Building your foundation
The pace of life is speeding up. Much of life is designed now to give you instant positive feedback, progress is measured in continually shorter periods of time.
Your physical, mental and emotional development is not something that can be rushed. Developing patience, persistence, and tenacity is crucial to all long-term athletic growth or weight change. Basic motor patterns lay the foundations of all physical performance and health. Developing sound basic movement patterns takes persistence and often a temporary reduction in intensity.
Persistence beats intensity every time.
The squat, hang and hollow body positions are key to the development athleticism. To attain proficiency we must develop mobility, technique, strength in that order. Get the order wrong, the chances of injury Increases. Take the time to build a foundation, you can never be too good at the basics.
Building an athletic body takes time. Don’t compare your 1-year achievements to someone else 5-year achievements, it’s not fair. Also, it doesn’t recognize all the hard work someone put into where they are currently at.
How do you move forward? By breaking up a difficult exercise into an achievable exercise that when mastered will form the foundation upon which more difficult exercises are built. Look at a baby learning to walk (or foot balance), they crawl, then supported stand, they stagger, then finally walk. This is progression. Progression is breaking a movement up into tiny achievable pieces or deloading a movement. Progressions are important, so you don’t get hurt and so you can do this longer.
In order to hold a full hollow body position you require core strength, otherwise referred to as mid line strength and / or trunk stability.
Why is core strength important? How many people have you heard talking about a sore lower back? The progressive weakening and deformation of the core is partly a result of the chair sitting epidemic in the western world. Really, how much work does the trunk of your body really have to do in daily life?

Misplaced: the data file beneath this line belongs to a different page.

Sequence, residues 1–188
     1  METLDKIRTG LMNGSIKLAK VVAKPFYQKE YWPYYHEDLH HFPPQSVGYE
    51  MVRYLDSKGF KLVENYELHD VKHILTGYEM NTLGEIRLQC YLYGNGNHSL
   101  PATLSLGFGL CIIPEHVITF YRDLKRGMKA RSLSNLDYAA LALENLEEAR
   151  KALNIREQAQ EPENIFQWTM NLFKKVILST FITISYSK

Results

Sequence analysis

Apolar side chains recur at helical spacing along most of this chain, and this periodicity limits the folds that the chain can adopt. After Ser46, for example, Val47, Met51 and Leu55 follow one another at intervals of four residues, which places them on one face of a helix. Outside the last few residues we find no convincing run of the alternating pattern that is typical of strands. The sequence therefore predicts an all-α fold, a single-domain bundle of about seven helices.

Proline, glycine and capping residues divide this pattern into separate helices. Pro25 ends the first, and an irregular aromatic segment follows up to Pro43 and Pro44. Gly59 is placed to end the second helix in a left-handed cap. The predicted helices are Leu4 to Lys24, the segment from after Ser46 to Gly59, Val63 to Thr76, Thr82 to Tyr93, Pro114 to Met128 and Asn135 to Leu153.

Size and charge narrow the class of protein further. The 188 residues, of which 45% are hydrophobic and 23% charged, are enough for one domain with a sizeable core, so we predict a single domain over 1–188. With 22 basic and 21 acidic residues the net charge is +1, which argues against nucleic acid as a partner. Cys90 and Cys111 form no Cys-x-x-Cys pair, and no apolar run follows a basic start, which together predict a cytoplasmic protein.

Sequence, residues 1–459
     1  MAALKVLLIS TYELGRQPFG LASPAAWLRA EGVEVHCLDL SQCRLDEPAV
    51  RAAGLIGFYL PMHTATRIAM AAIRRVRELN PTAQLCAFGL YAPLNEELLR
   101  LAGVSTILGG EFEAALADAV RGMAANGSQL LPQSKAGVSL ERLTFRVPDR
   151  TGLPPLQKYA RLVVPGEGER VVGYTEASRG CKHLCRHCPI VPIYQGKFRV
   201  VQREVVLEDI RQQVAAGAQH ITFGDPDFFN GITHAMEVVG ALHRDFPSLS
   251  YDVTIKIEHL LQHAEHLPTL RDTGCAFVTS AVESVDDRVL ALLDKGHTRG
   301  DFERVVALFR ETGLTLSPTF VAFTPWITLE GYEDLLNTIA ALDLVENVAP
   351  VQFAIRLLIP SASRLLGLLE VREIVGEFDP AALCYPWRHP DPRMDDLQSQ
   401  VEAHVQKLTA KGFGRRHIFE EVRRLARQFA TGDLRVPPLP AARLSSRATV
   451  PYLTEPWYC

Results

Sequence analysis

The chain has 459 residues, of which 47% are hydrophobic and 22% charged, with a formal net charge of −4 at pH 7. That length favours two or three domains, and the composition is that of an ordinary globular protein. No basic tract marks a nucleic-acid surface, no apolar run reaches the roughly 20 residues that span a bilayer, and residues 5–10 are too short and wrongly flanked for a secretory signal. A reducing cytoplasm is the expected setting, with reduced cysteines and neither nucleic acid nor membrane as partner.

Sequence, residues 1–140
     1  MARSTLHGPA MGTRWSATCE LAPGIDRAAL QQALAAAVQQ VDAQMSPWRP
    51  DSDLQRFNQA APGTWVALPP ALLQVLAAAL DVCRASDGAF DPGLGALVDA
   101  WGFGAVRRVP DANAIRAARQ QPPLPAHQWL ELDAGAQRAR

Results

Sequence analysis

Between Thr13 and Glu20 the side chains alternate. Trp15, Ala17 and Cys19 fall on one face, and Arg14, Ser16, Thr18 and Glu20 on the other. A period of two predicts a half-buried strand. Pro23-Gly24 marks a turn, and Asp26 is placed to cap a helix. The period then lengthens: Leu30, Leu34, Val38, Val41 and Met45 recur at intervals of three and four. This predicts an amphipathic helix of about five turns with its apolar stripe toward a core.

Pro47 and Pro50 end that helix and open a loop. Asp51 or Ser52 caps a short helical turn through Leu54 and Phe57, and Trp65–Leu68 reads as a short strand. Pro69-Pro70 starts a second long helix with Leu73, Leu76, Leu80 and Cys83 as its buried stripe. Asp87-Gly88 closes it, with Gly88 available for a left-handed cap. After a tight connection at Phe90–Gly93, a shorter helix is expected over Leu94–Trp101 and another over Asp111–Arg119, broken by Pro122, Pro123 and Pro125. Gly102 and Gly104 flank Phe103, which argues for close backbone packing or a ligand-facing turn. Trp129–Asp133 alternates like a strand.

It is common place to ignore core strength development other than in the pursuit of aesthetics. People also love to load up a squat or dead lift, drive hard with the legs and butt and often after a few reps discover our lower back is a little sore?
People training with body weight exercises are often working towards mastering a free-standing handstand? Try hand-standing against a wall, very soon you will discover how heavy your hips and legs really are as you struggle to maintain a straight line and engaged core.
So what is the common theme here? Weak core.
Many of us are seeking athletic gains while neglecting our relatively weak core. The muscles that make up your core are very important, if you neglect your core not only will you struggle to attain smooth progress toward your goals but you also run the risk of injuring yourself.
For most people on earth, the squat is a resting position. Unfortunately for us in the developed western world – have replaced squatting with chairs and force our children to sit still in chairs for a large part of their development. Most of us at the age of 2 had perfect hip mobility which steadily declines throughout our life.
To reach athletic potential and increase resilience we need to redevelop our squat. Mobile strong hips allows the spine to maintain its natural curvature, while reducing load on the knee during flexion. The squat position is used extensively in weightlifting and is the landing and take off position for jumping.
Develop the hip mobility to be at rest in a squat. Your knees, back and hips will feel great and your athletic endeavors will improve.
Shoulders are often neglected and notoriously weak in the majority of adults. Our modern lifestyle tends to reinforce a slouched internally rotated shoulder position often leading to chronic injust over time.
Most adults are unable to put the arms straight above their head, yet will persist in training strength through a limited range of motion . This is a mistake and will likely result in shoulder injuries.
The simplest and most effective exercises to restore shoulder health in the long term is to hang from a bar regularly. Rock climbers have known the health benefits of hanging for many decades, however only now is the mainstream fitness community starting to understand the effectiveness of hanging. Gravity will open and stretch your shoulders as your grip strength and endurance increases. All of which is very useful in many athletic and life endeavors.
Master Calisthenics Trainer